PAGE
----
The World Economic Forum in Davos Switzerland just wrapped up its annual gathering. It isn’t hard to make fun of this yearly coming together of the global economic and cultural elites who rule the world, or at least think they do.
What happens when we teach a computer how to learn? Technologist Jeremy Howard shares some surprising new developments in the fast-moving field of deep learning, a technique that can give computers the ability to learn Chinese, or to recognize objects in photos, or to help think through a medical diagnosis. (One deep learning tool, after watching hours of YouTube, taught itself the concept of “cats.”) Get caught up on a field that will change the way the computers around you behave … sooner than you probably think.
Terry Hyland is an expert on Buddhism who was interviewed by IEET for a previous article, in August 2015. He is Emeritus Professor at University of Bolton, UK and Lecturer in Philosophy at Free University of Ireland, teaching courses in mindfulness. He has written over 150 articles, 19 book chapters and 6 books.
My life is filled with trivial, time-wasting tasks. As an academic, teaching and research are the most valuable* activities I perform. And yet as I progress in my career I find myself constantly drawn away from these two things to focus on administrative tasks. While efficient administration is important in large organisations (like universities), it feels like a major time-sink to someone like me because (a) I am not ultimately rewarded for being good at it (career progression depends far more research and, to a lesser extent, teaching) and (b) I don’t have any aptitude for or interest in it.
A decade ago, US law said human genes were patentable — which meant patent holders had the right to stop anyone from sequencing, testing or even looking at a patented gene. Troubled by the way this law both harmed patients and created a barrier to biomedical innovation, Tania Simoncelli and her colleagues at the ACLU challenged it. In this riveting talk, hear the story of how they took a case everybody told them they would lose all the way to the Supreme Court.
Dernière partie dédiée à la réflexion sur “Le choix d’une vie très longue en bonne santé : pourquoi?” Préserver et renforcer la part de l’économie non marchande L’accroissement d’abord progressif, puis éventuellement considérable de la durée de vie en bonne santé a commencé depuis longtemps par se traduire par une augmentation de la quantité d’activité fournie par des personnes curieusement qualifiées par les statistiques françaises de « non-actives ».
I cannot understand the markets’ panic over lower oil prices. Sure, it hurts if you own Exxon or drilling-fracking services companies, or work for one, or if you are Saudi or Venezuela or Russia or Iran. But for most of the world, it amounts to a spectacular tax cut and cost discount for all manufacturers, transportation and consumers of almost anything. See this article on much cheaper airline deals.
Pepper spray, tasers, tear gas, rubber bullets — these “non-lethal” weapons are being used by more and more local police forces, as well as military forces brought in to control civilian crowds and other situations. Despite their name, non-lethal weapons have been known to cause deaths ... and as Stephen Coleman suggests, there are other, more insidious hazards as well. He explores the complex ethics — and the unexpected consequences — of using non-lethal weapons to control civilians.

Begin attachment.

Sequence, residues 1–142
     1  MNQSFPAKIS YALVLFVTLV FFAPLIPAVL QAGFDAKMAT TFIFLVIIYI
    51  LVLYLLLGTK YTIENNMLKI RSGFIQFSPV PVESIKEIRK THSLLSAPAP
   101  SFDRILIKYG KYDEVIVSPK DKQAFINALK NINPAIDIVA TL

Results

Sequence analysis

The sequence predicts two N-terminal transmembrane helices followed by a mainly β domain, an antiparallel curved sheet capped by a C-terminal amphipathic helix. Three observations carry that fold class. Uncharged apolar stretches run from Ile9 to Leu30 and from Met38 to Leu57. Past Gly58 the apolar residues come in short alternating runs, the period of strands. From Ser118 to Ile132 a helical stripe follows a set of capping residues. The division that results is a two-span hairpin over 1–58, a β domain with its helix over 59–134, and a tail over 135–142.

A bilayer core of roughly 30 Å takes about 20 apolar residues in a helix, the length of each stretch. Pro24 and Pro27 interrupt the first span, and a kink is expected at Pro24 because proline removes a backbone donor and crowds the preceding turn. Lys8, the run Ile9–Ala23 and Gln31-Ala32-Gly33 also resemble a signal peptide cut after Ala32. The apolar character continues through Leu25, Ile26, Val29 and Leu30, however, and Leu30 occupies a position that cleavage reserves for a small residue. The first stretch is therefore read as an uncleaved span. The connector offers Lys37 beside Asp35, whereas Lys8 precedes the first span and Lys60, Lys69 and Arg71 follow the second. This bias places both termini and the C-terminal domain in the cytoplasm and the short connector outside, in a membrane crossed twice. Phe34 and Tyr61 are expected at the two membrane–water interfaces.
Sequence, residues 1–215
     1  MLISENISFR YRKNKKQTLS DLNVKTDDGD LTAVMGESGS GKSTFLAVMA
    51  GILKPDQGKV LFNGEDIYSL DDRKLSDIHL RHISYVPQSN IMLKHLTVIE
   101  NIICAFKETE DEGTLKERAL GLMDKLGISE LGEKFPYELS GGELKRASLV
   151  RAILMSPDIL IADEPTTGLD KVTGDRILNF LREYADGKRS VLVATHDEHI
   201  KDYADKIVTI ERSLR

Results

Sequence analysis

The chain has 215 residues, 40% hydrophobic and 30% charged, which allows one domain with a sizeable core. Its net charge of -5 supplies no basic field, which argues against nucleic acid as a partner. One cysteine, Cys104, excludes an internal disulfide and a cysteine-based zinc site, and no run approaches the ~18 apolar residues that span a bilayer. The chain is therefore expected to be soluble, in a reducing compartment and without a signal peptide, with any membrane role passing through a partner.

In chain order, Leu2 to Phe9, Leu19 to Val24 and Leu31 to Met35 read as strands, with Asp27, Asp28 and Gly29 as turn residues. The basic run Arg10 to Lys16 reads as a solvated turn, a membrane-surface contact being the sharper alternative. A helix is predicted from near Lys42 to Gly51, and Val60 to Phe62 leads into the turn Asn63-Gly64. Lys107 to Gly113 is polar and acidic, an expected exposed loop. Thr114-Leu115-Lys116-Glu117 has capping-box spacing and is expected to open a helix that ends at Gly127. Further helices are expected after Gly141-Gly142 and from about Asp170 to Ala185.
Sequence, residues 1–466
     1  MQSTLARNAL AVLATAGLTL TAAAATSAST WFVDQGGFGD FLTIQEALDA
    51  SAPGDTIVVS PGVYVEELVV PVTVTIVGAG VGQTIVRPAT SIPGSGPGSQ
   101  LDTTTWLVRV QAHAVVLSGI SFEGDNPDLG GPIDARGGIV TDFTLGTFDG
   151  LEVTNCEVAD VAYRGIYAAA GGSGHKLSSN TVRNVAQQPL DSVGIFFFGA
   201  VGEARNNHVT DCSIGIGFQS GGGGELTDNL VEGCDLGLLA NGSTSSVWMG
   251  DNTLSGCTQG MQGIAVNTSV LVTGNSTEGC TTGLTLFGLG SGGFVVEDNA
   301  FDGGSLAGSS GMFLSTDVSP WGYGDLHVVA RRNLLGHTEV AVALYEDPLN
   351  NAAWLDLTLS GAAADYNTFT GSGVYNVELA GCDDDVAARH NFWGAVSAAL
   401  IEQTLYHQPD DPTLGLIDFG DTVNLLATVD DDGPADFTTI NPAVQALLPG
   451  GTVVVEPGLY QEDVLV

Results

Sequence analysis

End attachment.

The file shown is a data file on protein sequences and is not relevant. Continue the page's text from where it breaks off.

Ray Kurzweil is an author, inventor, futurist, and currently Director of Engineering at Google. He is involved in fields such as optical character recognition, text-to-speech synthesis, speech recognition technology, and electronic keyboard instruments; he is the author of several books on health, artificial intelligence, transhumanism, the technological singularity, and futurism; and he may be the most prominent spokesman in the world today for advocating the use of technology to transform humanity.
George Pitcher is emeritus professor of philosophy at Princeton where he was a member of the philosophy department from 1956-1981. His 1984 article, “The Misfortunes of the Dead,” addresses the question of whether the dead can be harmed.
What is it like to be the Buddha? What, for that matter, would it be like to live as a posthuman? In this text I’m going to argue that the two could be symbiotic, mirroring each other in terms of exotic fluidity and personal transformation. In particular, I’m going to focus upon one particular brand of Buddhism - that of Vajrayana, more commonly know as tantra.
Extinction of Democracy and the Current Global Economy as a Result of Sovereign Debt and how to Prepare for the Future Economy. Martin Armstrong is an American economist best known for discovering the relationship between pi and the business cycle, expressed in his Economic Confidence Model.His latest and largest project – Socrates – is an AI system that monitors the entire global market by tracking international capital flows.
Perhaps at no other time in the present generation has prison reform been so close to the surface of our political consciousness. The “tough on crime” policies and mandatory minimum sentencing guidelines of the 1990s have created a pattern of overly harsh punishments and a glut of private prisons, all but abandoning the rehabilitative function of the penal system. Today, that is slowly changing. In prohibiting juvenile solitary confinement in federal prisons, President Barack Obama follows the advice of prison experts like Marie Gottschalk. Here she explains the “degrading and dehumanizing” harm caused by extreme isolation.
Marie Gottschalk is a professor of political science at the University of Pennsylvania. She specializes in American politics, with a focus on criminal justice, health policy, race, the development of the welfare state, and business-labor relations.